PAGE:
sleep on it

So we're still a little dazed and confused here in Kona, but we're slowly learning the ropes. I feel a little more settled each day as I become accustomed to the slower pace of life--at Lava Java today they actually gave me a pager to hold while they made my mango smoothie. I mean, how long could it take to make a smoothie? As it turns out, it can take a really, really long time, especially when you have to saunter out to the mango tree, pick the mangoes, wash them, peel them, discard the peels, take the garbage out, kneed some bread, feed the dog* and talk some story all the while...

As much as I enjoy the slower pace of life here, part of me sometimes feels like I'm watching a scratched DVD and the movie keeps freezing up on me. This makes me a little anxious while waiting for a smoothie or a latte. Each day is full of so many pauses, really, and nobody is rushing. I mean, why rush when you're on an island? I mean where exactly does one rush to?

And I find that my Chicago intensity does not match the spirit of those around me. The other day Anna made some friends here at the complex--I love how sweetly and quickly little girls can befriend each other! They met just a few days ago, and now they're always around--even today when I brought Anna back from school they were out back. They came running to Anna saying, "We were waiting for you . . ."

So anyway, the girls wanted to come over to play. I found the mother of one of the girls to ask her permission. She was perfectly fine with her daughter playing here, although she did not know my last name or cell phone number, and she never did run a criminal background check on me. The other little girl said that her dad was sleeping. So in a lapse of judgment I let her come along to our apartment, and the girls played for about fifteen minutes before I began to panic about the father, sensing how worried he must be.

So we rushed out, and sure enough, he was out looking for his daughter. I thought, "Oh man, I'm going to get it. How irresponsible it was for me to harbor his daughter without permission." But when I saw his face it was not tense and stern as I'd expected. His expression was all loose and smiley. He extended his hand to me and welcomed me to the complex. I asked if he was worried about Reese. "Well I knew she was around here somewhere," he said.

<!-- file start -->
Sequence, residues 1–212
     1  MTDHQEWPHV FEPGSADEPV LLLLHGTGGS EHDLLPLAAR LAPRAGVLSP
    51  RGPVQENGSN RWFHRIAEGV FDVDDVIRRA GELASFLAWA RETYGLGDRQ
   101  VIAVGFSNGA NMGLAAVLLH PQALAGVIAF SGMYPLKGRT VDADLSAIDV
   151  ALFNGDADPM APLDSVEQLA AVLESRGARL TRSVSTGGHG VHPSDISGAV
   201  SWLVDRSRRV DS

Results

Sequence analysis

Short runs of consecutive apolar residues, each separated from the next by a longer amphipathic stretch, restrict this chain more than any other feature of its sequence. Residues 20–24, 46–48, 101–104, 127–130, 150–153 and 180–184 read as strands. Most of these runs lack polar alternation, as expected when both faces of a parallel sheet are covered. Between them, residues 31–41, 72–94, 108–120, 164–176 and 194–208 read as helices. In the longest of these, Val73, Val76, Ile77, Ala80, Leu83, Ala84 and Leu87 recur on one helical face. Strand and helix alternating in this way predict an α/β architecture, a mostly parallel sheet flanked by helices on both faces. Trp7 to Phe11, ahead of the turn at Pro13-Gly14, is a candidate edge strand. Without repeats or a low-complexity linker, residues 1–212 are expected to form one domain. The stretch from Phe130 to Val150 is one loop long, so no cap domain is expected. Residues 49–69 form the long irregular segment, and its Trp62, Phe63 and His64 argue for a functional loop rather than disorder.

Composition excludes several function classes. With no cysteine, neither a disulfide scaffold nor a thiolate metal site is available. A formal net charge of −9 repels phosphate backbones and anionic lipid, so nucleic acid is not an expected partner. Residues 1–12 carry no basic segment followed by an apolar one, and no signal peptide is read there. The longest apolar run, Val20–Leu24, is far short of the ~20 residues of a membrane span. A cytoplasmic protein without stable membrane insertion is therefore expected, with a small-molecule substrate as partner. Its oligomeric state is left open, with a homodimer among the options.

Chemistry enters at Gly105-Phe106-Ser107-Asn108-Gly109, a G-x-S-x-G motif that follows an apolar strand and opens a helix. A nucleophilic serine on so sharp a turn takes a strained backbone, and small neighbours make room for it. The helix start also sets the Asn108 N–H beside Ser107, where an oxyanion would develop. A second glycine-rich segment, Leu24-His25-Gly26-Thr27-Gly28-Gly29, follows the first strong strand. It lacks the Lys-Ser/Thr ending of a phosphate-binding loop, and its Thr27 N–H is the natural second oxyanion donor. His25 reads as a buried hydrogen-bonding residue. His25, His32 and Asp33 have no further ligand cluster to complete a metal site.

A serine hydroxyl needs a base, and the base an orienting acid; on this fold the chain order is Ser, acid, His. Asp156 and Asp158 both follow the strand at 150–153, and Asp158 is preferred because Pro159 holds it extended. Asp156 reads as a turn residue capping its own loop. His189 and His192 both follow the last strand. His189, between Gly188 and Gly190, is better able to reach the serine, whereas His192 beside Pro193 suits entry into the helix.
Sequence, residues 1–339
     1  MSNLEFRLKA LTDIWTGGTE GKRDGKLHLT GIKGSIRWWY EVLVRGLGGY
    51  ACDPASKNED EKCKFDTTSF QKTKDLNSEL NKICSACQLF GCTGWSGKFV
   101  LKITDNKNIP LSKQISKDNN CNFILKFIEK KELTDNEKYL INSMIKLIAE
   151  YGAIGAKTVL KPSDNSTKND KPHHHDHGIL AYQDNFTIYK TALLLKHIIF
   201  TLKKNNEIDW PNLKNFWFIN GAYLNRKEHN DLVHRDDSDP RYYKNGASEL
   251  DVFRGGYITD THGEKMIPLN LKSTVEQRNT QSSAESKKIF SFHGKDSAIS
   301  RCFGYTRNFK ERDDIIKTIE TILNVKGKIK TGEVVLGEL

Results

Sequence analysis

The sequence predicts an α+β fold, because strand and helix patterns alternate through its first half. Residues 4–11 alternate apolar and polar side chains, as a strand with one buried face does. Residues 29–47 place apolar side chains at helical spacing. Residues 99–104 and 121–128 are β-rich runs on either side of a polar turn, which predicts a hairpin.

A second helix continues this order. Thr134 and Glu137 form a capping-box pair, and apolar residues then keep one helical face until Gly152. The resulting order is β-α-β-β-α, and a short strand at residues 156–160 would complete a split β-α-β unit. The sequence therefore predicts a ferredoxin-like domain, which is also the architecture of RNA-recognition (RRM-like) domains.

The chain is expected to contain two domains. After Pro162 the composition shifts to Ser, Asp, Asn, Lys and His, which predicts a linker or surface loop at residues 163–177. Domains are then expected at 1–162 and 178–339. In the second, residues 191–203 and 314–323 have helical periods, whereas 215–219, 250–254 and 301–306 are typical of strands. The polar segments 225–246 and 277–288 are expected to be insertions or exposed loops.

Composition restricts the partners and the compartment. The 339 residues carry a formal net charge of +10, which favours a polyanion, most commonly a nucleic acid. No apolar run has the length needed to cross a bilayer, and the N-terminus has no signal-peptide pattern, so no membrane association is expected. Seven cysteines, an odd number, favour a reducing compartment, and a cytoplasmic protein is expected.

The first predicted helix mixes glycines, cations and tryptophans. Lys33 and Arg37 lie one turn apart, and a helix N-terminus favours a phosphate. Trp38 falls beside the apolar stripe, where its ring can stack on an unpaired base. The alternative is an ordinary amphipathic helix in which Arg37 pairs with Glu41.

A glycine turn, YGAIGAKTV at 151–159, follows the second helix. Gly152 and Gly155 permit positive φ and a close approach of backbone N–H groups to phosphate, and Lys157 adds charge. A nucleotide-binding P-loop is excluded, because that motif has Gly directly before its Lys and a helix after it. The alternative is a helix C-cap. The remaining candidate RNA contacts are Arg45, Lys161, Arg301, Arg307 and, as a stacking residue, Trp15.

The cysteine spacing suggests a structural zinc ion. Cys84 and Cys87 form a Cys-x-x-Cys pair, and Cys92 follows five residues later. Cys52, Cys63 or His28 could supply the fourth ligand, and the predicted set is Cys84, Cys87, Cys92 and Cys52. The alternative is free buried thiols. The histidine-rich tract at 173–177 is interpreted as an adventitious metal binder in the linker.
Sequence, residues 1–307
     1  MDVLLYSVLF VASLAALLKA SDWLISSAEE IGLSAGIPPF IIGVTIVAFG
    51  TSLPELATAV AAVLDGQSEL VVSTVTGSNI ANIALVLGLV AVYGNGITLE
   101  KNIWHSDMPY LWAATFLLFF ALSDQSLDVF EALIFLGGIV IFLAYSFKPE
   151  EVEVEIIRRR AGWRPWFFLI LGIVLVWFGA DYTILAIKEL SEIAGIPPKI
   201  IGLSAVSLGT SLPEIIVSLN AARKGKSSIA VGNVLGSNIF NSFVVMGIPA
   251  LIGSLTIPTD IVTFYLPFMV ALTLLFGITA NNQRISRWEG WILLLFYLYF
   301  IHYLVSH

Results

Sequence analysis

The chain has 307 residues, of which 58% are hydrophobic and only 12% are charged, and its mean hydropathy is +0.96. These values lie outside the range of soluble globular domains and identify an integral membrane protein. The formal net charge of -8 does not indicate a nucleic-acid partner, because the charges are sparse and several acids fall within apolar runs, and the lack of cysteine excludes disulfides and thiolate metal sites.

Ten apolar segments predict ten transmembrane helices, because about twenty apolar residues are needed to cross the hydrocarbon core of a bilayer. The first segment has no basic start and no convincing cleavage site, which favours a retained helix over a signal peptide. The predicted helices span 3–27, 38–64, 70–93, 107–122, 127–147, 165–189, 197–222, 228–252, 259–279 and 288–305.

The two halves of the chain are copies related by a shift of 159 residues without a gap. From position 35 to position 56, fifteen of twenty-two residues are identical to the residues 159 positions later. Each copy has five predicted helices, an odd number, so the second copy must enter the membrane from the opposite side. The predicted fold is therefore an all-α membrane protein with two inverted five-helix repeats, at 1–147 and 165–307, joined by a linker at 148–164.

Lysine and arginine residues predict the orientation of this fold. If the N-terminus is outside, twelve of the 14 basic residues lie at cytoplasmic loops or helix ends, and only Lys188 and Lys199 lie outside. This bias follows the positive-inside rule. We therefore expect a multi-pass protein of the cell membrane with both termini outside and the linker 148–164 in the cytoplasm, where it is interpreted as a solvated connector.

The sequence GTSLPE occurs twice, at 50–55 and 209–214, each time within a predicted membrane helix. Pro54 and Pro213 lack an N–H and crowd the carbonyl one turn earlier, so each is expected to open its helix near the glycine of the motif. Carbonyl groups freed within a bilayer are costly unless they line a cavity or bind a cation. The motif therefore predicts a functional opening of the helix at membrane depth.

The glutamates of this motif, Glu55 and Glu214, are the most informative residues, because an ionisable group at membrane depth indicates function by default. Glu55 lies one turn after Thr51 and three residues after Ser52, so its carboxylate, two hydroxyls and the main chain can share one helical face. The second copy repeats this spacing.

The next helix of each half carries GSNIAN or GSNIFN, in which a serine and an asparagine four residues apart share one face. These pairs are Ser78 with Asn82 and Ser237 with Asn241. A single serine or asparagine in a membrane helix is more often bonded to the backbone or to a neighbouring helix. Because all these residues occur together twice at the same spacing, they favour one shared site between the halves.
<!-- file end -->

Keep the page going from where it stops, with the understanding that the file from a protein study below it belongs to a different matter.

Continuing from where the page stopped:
So now Reese's parents have been filling me in on life in Kona, and I listen with fascination to their stories. Reese's father tells me that one of their daily irritations is that Reese keeps bringing gecko eggs home (they look like white jelly beans and can be found in the small spike holes at the base of palm trees) and letting the babies hatch inside their apartment. This is really no problem for the baby geckos, which don't require any special neonatal care, but Reese's parents do try to explain to Reese that "The mama geckos leave their eggs in certain spots on purpose."

I also asked Reese's parents about places where I could pick fruit off the trees. Reese's dad told me that the best place to look for that is the classified section of the paper. He said that people actually run ads that read something like, "Mango overload, please help!" followed by their address.

So all this to say, I'm not in Chicago anymore, and the learning curve is steep but the climb is thrilling. And the regular daily tasks do help me feel more oriented. I'm oddly comforted by making the beds, loading the dishwasher, ignoring the crinkled laundry in the dryer for as long as possible.

And I was happy, the other day, to have an idea for our bedroom. It's been a little stuffy at night because our bed is tucked into a cozy but windowless corner. So I pushed the bed flush against the windows, and now all night long the ocean breeze washes over us. So I'm sleeping on it, and sleeping in it, and slowly making sense of this place which is so unfamiliar and yet comforting just the same.

*In the interest of not defaming my new favorite coffee shop, please be aware that there was no dog at Lava Java. I was just trying to imagine all the steps that might be involved with said smoothie.


Bethany Torode said...

Jenny, this is the best post ever! Your writing is already flowing beautifully from the Hawaian influence! (no joke.)

And I'm so happy to hear there is a whole culture of people like Sam and I, who always feel guilty about our lack of freaking out over wandering children, etc. etc. Seriously, it relieved guilt for me to read your post.

Bethany Torode said...

P.S. I just moved our bed under the window too! After 11 months here! You & me are in sync.

Katya said...

I just wanted to let you know how much I enjoy your blog, and how comforting it is for me to read, especially now that you too are in a strange place. Many times I feel very much alone - from Westchester County (Metro North down the road) to the farm (cows across the street)! But I also know God has other plans for us. I'm glad the Kona Mission has someone like you and Father John.

We're actually the most east in the Diocese and you are the most west, and yet I feel closer to you than I do to the neighbor down the road.

Jenny said...

Katya and Bethany,

Thanks for your comments--first, Bethany isn't it lovely to sleep under the window? Kona is a really dark town (this is actually on purpose because of the observatory on the mountain above) anyway, even the street lamps are yellow so that stars can be seen. The starry nights totally amaze me, and with my new bed placement I can actually gaze at them from my bed!

And Katya, thank you for your sweet, sweet post. It makes me feel less lonely to know I have a friend out there in Westchester County. Did we meet when I was back in NY?